As of February 2016, after 416 posts, and over six and a half years of blogging, I'm taking a break.
I've explained why here. There's plenty of past posts to read, though - hope you enjoy them !
Looking for a brilliant present for a young naturalist ? Buy my book ! Available from Amazon UK,
Amazon US and worldwide but buy from a local bookshop if you can.
Archived posts: The following articles are from the month or year requested:

Vulpy, the fox skeleton


This week I'm going to write about my fox skeleton which I've called Vulpy. (All my skeletons have alphabetical names and I'm up to Y so far). This fox was given to me by a gamekeeper in my village, and last September I buried it by the Secret Lake. Last month I dug it up, brought it home and left the bones to clean in biological washing powder.

Wilma, the unborn red deer fawn


Last week I wrote about finding the skeleton of a pregnant red deer hind, and finding the bones of her baby deer as well. This week I'm going to write more about the baby skeleton.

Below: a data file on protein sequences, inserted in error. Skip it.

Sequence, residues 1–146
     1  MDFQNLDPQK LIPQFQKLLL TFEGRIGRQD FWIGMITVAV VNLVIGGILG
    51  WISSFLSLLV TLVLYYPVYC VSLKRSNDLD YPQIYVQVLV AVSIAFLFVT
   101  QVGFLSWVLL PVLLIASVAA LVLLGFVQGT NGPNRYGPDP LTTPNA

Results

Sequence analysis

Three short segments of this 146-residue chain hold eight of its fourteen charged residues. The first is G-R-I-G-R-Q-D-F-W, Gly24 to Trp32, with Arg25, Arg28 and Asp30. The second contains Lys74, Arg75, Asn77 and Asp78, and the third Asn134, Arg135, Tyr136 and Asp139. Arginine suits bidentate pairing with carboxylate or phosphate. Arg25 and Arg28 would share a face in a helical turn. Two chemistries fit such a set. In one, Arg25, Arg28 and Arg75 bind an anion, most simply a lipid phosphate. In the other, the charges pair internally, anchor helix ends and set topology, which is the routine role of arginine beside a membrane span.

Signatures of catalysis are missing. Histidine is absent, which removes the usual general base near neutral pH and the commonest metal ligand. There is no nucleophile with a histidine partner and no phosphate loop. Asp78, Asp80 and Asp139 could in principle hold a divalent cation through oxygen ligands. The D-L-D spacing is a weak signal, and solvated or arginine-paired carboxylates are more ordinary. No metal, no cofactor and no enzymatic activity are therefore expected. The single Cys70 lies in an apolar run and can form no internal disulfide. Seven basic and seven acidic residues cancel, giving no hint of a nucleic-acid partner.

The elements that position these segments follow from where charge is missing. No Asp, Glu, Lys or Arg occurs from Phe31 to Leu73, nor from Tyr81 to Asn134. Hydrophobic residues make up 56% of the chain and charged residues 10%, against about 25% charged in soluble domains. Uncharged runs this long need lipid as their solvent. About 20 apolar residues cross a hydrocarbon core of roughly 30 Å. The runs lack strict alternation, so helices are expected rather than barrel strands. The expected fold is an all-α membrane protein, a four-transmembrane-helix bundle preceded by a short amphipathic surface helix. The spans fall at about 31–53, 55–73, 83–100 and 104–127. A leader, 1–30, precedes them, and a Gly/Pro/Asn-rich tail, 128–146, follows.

There were 101 pieces of bone I found and brought back. First of all I put them in very hot water with biological washing powder, then changing the water as it got dirty. That took about a week. After that I dried them out and tried to put them back together.

Baby deer and a gruesome find


Baby deer are born in May, usually towards the end of the month. It's great to see baby deer, because they are small, cute and have a lovely spotted coat. When baby roe deer are born their mums hide them in bracken or long grass for a few weeks to keep them safe. Once when I was walking in woods near the Roman Fort in my village, two baby roe deer ran away ! It's important not to chase them or pick them up because if their mum smells humans, she might not go back to them.

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